Ever since I met someone whose father was unbaptized, and thus discovered it was a thing, I’ve been toying with the idea. The difficulties of the process and the pros and cons of the decision will vary greatly between the different religions. In my case, it would be getting unbaptized from the Catholic Church*, and so I started doing a little research into how this is done, and why there is an ever growing number of Italians who are doing it.
Of course it is not necessary to be unbaptized to be an atheist. If you don’t believe that baptism is anything other than a few silly words, a splash of water and a party, no piece of paper will undo one of many meaningless experiences in your life. Rather, the reasons for taking the extra step towards unbaptizing yourself are more about a present distancing from the Catholic Church.
*For many religions, unbaptism is not necessary, because your membership to the organization is not based on your baptism, but rather is based on your attendance.
For some, the principle of no longer aligning themselves with a discriminatory institution to which they have to fealty is reason enough. However, in countries like Italy it can go beyond a simple matter of principle.
When the Catholic Church boasts that 96% of Italians are Catholic, they are referring to the percentage of people who were baptized, not to the percentage of people who attend church, or even believe. Using this number, they claim to represent the vast majority of the country and thus, despite the fact that Italy is technically a secular nation, they wield plenty of influence over legislation by using this excuse. Why should we care if this particular area of the country only has a Catholic primary school, the public one being too inconvenient to reach? 100% of the inhabitants of that area are Catholic! Sure they won’t mind. Why should we ask people whether or not they actually want the priest to show up at the door to bless the house for Christmas? Everyone in this neighborhood is Catholic! This reasoning is born of a conditioning of what is becoming the Cultural Catholic: people who do not believe in God, or Catholicism, but will still claim to be Catholic if asked simply because they were baptized. In extreme cases, a local bishop or priest can call you out for not living in a Catholic enough way and, if that causes you grief and economic pressure you will not be able to sue, because you are baptized and thus you are a Catholic, never mind that it is something that was done to you as a baby and thus something you had no say or control over. In Germany, being a Catholic allows the Church to compel you to pay an extra “Church Tax” directly to them (though simply de registering as a Catholic at a tax office is usually enough to get out of having to pay this tax).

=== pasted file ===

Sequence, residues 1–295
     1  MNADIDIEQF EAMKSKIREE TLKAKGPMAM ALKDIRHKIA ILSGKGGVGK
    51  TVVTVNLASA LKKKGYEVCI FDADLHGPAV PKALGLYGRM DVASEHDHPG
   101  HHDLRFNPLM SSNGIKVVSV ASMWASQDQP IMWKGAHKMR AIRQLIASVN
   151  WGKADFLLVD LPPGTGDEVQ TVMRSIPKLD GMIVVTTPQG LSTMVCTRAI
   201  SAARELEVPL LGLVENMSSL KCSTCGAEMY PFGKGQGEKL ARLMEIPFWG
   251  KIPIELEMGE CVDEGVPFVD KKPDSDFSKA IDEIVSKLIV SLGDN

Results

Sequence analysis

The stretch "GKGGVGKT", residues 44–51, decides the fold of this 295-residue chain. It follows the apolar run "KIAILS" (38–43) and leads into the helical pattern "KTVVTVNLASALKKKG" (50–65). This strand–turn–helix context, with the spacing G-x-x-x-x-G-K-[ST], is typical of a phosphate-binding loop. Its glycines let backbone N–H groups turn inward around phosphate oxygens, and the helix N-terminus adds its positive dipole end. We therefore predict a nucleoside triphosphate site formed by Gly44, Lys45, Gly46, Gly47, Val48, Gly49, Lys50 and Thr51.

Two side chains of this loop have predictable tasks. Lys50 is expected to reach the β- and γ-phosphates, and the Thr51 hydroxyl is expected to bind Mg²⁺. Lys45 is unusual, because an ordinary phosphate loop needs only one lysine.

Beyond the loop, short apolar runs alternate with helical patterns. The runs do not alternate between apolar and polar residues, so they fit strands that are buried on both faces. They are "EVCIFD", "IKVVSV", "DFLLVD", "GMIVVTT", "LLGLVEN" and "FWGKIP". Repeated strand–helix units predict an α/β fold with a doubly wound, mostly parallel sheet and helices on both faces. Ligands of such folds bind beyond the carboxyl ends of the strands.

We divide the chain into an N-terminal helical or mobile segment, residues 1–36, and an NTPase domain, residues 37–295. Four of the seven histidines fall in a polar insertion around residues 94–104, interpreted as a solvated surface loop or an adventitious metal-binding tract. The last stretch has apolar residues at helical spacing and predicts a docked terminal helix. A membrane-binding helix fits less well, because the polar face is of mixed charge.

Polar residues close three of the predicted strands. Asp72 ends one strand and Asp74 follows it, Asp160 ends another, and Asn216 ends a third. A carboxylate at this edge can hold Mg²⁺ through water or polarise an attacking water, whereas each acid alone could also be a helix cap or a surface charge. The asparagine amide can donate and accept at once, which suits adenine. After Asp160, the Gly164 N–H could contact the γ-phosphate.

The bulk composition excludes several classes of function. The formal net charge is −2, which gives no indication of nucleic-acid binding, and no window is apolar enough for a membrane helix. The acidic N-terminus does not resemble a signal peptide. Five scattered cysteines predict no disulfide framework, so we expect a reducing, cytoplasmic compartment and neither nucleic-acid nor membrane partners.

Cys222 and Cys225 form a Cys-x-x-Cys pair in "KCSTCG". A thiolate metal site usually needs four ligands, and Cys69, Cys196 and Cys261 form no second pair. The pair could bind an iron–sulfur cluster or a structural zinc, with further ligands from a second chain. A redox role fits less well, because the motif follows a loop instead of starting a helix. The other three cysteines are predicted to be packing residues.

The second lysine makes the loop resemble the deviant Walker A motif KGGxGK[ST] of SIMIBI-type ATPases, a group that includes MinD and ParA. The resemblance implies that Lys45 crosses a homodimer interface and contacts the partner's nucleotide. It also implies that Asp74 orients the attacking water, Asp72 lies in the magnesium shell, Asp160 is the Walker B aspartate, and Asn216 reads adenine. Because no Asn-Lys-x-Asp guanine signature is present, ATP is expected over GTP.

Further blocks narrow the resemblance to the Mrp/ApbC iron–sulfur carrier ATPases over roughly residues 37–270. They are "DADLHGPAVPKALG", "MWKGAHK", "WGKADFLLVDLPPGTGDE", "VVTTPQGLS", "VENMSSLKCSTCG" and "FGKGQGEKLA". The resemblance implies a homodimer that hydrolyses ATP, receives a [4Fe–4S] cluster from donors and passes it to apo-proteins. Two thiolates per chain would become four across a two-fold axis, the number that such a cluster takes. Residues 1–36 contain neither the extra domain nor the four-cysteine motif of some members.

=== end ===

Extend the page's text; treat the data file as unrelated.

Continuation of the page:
Essentially, by getting unbaptized, you are striking yourself from their records. You can no longer officially be considered a Catholic by the Church or by your State.
The downside to being unbaptized is that you are excluded from all Catholic practices, including becoming a Godparent. Of course, this is only a downside if your family is still fully immersed in Catholicism, and thus you are excluding yourself even more from them by publicly excluding yourself from their Church. In my situation there is no downside, other than being yet another bureaucratic thing I would have to do during the limited time that I have back home. The only problem is I was baptized in the States, shortly before moving to Italy, and so for me it gets a little more complicated.
For those of you who might be interested, here are a few links
Getting unbaptized in Italy (and Spain, which has a similar procedure).
When it comes to the States? I can’t seem to find any concrete information as to the forms and the procedure. Feel free to link information for unbaptism in the comments, whether for the Catholic Church or other religions!